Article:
Advancing Technologies: The Deception of Perception
We define a tool by its physical attributes, what we perceive the tool to be visually. Through individual experience, our perception will change based on sensory interaction and the mental model that we create.
What is a screwdriver? A pair of scissors? What about a calculator?
The first thing that comes to mind is most likely a visual imagery. This is because language, the words we use to describe the objects that we interact with is a tool itself. A tool designed to allow us to communicate with each other. This tool relates sound with visual imagery, allowing others to understand our experiences without the need to be physically present or relive the moment. Although this is an efficient system, it introduces an inherent problem as perception varies from person to person.
Imagine that each of the five senses are on a variable scale. These values will be different for every individual in the world. The variation between individuals would be referred to as sensitivity, and in some cases, impairment. This can become an issue for many reasons.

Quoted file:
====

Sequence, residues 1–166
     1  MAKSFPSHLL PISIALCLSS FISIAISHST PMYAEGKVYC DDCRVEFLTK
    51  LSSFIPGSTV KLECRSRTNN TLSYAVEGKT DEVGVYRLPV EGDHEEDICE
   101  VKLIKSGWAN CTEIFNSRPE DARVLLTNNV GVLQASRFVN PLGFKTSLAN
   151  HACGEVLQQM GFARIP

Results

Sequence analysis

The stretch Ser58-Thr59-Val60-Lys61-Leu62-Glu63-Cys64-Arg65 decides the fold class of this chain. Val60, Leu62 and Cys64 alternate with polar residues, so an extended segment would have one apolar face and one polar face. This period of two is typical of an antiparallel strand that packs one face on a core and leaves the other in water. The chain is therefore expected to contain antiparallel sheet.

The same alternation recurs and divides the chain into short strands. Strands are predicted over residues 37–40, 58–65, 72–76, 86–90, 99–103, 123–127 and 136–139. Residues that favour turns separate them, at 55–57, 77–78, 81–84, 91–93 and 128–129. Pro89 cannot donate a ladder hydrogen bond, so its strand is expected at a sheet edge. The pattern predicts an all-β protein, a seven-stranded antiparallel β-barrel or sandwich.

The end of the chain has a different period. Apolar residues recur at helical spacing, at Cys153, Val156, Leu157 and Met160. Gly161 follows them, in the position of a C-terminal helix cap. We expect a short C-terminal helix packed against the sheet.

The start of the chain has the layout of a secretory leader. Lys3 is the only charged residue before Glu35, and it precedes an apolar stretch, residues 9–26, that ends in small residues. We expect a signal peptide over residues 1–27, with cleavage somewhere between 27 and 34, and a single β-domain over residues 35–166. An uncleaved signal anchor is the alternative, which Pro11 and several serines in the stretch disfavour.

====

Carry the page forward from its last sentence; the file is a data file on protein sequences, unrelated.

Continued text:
The more sensory data that we have about an object or idea, the more we feel like we “understand” it. With this said, it is safe to assume that sensory impairment could cause an imbalanced perception of objects between a group of individuals. This results in communication that is both unreliable and inefficient.
I do not write this to propose that I have a better solution. I'm not even sure that one exists. Instead, I believe that this is an important concept to keep in mind as we work together to create and design new solutions, and the future of our technology.